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Handel’s Messiah – Australian Brandenburg Orchestra


Australian Brandenburg Orchestra, presents HANDEL’S MESSIAH, in the City Recital Hall, Angel Place, Sydney. March, 2017.

Paul Dyer, leader of the Australian Brandenburg Orchestra, has invited a young theatre Director, Constantine Costi, to prepare, with him, a performance of George Frederic Handel’s, MESSIAH. In a speedy two hour performance, including interval, this great and famous English Oratorio, has all barefooted – orchestra, chorus, soloists and conductor – perhaps, that the reason for fleet-footed tempo. THE BAREFOOT MESSIAH, in the City Recital Hall.

In the program notes we are told that

Handel always intended his oratorios as entertainment, to be performed in playhouses and theatres, and they were never meant to be sung as a part of a church service.

In fact my last hearing of this work was in the Christ Church St Laurence, in 2012, although most have been in Concert Halls. As a child the choruses of ‘Unto Us a Child is Born’ and the ‘Halleljuah Chorus’ were highlights on one of dad’s L.P. collection. (The use of the ‘Hallelujah Chorus’ in cinema surround sound at the Plaza Cinerama Theatre in George St, [the shell of that Cinema space still standing – believe it or not], in George Stevens’ film THE GREATEST STORY EVER TOLD (1965), when the actor Van Heflin is seen running from the empty tomb of Jesus, signifying, perhaps, the Christ’s (Max Von Sydow) resurrection, was one of many startling moments of that ponderous cinematic experience and was as arresting, and is as an indelible a memory, as the one of John Wayne, in Centurion garb, telling us at the foot of the cross of the crucifixion, spear in hand, that: “This truly was the Son of God”, in his famous yankee drawl. I, of course, own a DVD copy – the crazy impressionism of youth!)

MESSIAH, was first presented in Dublin, 1741, after a swift composition of 24 days by Handel, using the scriptural text by Charles Jennes. When first presented in London, a little later, it was not much appreciated. History has reversed that original London reception to make it the most performed work in the Handel repertoire. Handel finding a public reaction against the Italian Opera form and appreciating the ‘satire’ of the popular hit of the John Gay and Johann Christoph Pepusch’s THE BEGGAR’S OPERA, (1728), he  began to write Oratorio as a money making alternative. He wrote his last opera, as  in 1741, after its failure, the same year as MESSIAH. It resembles opera but is not written in dramatic form. The singers do not assume dramatic roles, the writing is not to dramatise the story but, rather, to acclaim the “Mystery of Godliness”, through the stages of Christ’s Nativity, Passion, Resurrection and Ascension. There is no impersonation of character or direct speech.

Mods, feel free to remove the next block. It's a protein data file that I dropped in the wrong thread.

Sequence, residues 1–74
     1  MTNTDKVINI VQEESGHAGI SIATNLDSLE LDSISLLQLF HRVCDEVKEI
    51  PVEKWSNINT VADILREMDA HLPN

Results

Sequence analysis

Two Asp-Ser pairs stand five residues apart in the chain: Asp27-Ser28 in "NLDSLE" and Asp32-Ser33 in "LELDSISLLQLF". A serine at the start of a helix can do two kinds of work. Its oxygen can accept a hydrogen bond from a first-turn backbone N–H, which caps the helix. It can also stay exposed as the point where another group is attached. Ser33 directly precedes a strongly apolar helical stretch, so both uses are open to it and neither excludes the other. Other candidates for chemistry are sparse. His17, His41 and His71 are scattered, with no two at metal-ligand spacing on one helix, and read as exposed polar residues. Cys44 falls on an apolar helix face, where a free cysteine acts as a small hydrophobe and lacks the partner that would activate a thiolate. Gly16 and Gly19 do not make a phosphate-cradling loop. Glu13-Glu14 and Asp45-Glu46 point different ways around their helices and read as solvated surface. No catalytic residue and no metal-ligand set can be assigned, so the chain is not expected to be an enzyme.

The semi-staging of this work by Mr Costi in collaboration with Designers, Genevieve Graham and Charlotte Mungomery, with dramatic lighting by Peter Rubie, is scattered across the stage, even up to the height of the organ platform, and around the floor level of the auditorium, with one startling aria from the Bass singer, David Greco, from a side-on first level balcony lean-over. Not all could see him, without risking life and limb, and goodness knows what the sound was like in the many different places of audience in the hall. What was gained as theatre was not always a bonus for the music and singing, for all. Some of the staging of the barefooted, costumed soloists, gave the ‘sacred’ texts the appearance of a ‘seduction’, of dramatic love-making between singers that shifted some comprehension – appreciation – of the Oratorio, definitively away from ‘sacred’ contemplation, to distracting ‘secular’ provocations.

The Brandenburg Chorus sang well and carried off their staged movements with great discipline. The production, then, had wins as well as losses. This presentation will be appreciated, vastly, along lines of personal taste. I was, unusually, underwhelmed by the performance. Whether it was the ‘editing’ of the material or the theatre staging, I cannot say. The program notes tell us that before the original London performance, “scheduled, by Handel, for the 23rd March, he was attacked in the newspapers by those who were scandalised by ‘a religious performance in a Playhouse’, and the performance was ‘ but indifferently relished'”, and it was not until 1750 when it was performed as a charity fundraiser at the Foundling Hospital orphanage that MESSIAH really took off in its popularity.

Mr Dyer, was energetic with his Musical Direction, and kept his orchestra at a robust tempo, his choir attentive and eager. Lucia Martin Carton, a young Spanish soprano, Nicholas Spanos, a Greek countertenor, Kyle Bielfield a tenor from the USA, and David Greco, an Australian Bass carried the joint responsibilities of theatre staging and singing with aplomb. Mr Greco, for me, especially impressive.

Interestingly, Glyndebourne’s 2015 production of SAUL, an oratorio by Handel from 1738-39, Directed by Barrie Kosky, is to be seen at the Adelaide Festival, in a full operatic ‘cry’. It is, supposed to be tremendous. Check the Adelaide Festival electronic site.

This theatre staging of MESSIAH, is, in contrast modest in its vision. Modest in its overall success, too.